Receiving Wide Coverage ...

Wrong move: Barclays CEO Jes Staley's attempt to find out the identity of a whistleblower at the British bank "not only can have negative ramifications for the company, but it serves as a prime example to other companies of what not to do when it comes to handling whistleblower complaints," according to two attorneys interviewed by the Wall Street Journal.

Any adverse action taken against the employee will be assumed to be retaliation, whether it is or not, said one of the lawyers. Not only that, but companies could wind up undermining a culture of integrity they've built.

On a similar note, the Financial Times says that Staley's action puts his reputation at risk, which could undermine his ability to make the changes he wants to make at Barclays. "If you stand up now to a room full of people and say 'ethics are very important,' are they going to query you?" asked the bank's former head of talent. Current bank employees told him that they're worried that Staley is "a bit damaged by this internally."

The FT also reports that Barclays withdrew from an agreement with an outside whistleblowing service last month, just weeks before it revealed that Staley had attempted to uncover the identity of the informer.

Approved: The U.K.'s Competition and Markets Authority has approved MasterCard's £700 million acquisition of Vocalink. The acquisition raises MasterCard's position in the British payments market. Vocalink was previously owned by a group of 18 U.K. banks and building societies, including Lloyds, Barclays, HSBC and Royal Bank of Scotland. Wall Street Journal, Financial Times

Wall Street Journal

Changes unveiled: House Financial Services Committee Chairman Jeb Hensarling, R-Texas, released changes to his proposal to roll back the Dodd-Frank Act, including promising regulatory relief for banks if they hold enough capital. Separately, President Trump hurled yet another brickbat at the 2010 financial reform law. "We are doing a major elimination of the horrendous Dodd-Frank regulations. Keeping some obviously, but getting rid of many," the president told a meeting of CEOs at the White House.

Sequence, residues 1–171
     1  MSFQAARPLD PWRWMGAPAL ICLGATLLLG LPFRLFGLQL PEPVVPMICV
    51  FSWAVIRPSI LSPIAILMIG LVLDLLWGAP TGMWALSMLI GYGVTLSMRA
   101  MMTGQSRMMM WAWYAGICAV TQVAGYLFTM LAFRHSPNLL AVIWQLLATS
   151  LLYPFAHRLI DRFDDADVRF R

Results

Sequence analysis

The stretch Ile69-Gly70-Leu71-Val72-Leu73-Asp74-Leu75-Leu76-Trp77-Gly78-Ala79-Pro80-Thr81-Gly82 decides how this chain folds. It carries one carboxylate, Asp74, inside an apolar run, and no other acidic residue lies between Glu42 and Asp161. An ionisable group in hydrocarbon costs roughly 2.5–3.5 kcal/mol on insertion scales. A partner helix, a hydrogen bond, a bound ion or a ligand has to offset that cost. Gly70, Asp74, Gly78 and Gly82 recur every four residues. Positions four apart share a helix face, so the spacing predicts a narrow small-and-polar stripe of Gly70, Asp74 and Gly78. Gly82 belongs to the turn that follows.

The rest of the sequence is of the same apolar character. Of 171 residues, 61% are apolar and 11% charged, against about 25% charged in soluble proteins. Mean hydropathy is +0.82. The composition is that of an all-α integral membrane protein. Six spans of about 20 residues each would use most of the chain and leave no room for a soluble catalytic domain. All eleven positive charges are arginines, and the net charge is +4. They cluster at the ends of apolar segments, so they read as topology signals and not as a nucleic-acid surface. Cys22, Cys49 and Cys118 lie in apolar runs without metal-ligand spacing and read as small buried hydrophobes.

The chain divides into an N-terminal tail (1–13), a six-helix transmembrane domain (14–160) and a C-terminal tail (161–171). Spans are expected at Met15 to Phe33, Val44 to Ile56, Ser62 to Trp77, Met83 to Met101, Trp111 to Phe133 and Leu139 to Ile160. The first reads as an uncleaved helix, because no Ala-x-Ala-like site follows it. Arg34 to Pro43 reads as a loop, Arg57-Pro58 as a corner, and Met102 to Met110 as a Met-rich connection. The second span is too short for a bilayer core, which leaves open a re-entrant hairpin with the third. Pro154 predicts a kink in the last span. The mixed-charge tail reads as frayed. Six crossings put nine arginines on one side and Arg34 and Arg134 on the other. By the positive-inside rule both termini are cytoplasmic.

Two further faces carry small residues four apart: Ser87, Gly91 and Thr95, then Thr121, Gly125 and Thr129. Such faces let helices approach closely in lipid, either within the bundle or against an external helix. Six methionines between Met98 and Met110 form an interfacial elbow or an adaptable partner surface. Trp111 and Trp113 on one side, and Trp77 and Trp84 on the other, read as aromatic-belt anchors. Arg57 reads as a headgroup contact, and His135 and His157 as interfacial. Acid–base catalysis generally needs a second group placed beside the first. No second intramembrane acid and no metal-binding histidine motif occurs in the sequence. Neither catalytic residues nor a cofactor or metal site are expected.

Representative Jeb Hensarling, a Republican from Texas and chairman of the House Financial Services Committee.
Representative Jeb Hensarling, a Republican from Texas and chairman of the House Financial Services Committee. Bloomberg News

Welcome to earnings season: The bank stock rally may be over, but strong first-quarter earnings and a positive outlook for the rest of the year could give them another lift, the Journal's Heard on the Street column says. Three of the biggest American banks, JPMorgan Chase, Citigroup and Wells Fargo, all report first-quarter earnings on Thursday.

The Journal examines five things to watch from this week's bank earnings announcements.

Failure to launch?: The Journal looks at bitcoin, which, after its birth eight years ago, "has failed to emerge as a mainstream payment method among consumers." And while many people and financial institutions are working hard to adopt the technology behind bitcoin, blockchain, "it is mostly to transact in items besides bitcoin."

Financial Times

Feud heats up: MoneyGram rejected claims by Euronet, which is trying to elbow out Ant Financial from buying MoneyGram, that Ant's bid poses a risk to U.S. national security. On Sunday, Mike Brown, Euronet's chief executive, told the FT that Ant Financial — whose investors include companies owned by the Chinese government and Jack Ma, the founder of Alibaba — would fail to win U.S. security clearance because many MoneyGram vendors are located near American military bases. Alex Holmes, MoneyGram's CEO, said those claims are "simply untrue." Euronet has offered to buy MoneyGram for $940 million, well above Ant's $880 million bid.

Quotable

"It is very seductive for people within organizations to want to find out and hunt down whistleblowers but inevitably it ends badly for the organization." — Jordan Thomas, a partner at law firm Labaton Sucharow.

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